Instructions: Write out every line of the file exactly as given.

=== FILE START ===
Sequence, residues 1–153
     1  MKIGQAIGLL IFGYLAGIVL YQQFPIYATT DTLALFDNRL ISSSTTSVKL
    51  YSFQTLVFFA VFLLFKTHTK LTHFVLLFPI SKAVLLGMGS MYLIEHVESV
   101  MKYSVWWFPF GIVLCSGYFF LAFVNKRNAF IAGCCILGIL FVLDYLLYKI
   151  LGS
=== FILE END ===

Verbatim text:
Sequence, residues 1–153
     1  MKIGQAIGLL IFGYLAGIVL YQQFPIYATT DTLALFDNRL ISSSTTSVKL
    51  YSFQTLVFFA VFLLFKTHTK LTHFVLLFPI SKAVLLGMGS MYLIEHVESV
   101  MKYSVWWFPF GIVLCSGYFF LAFVNKRNAF IAGCCILGIL FVLDYLLYKI
   151  LGS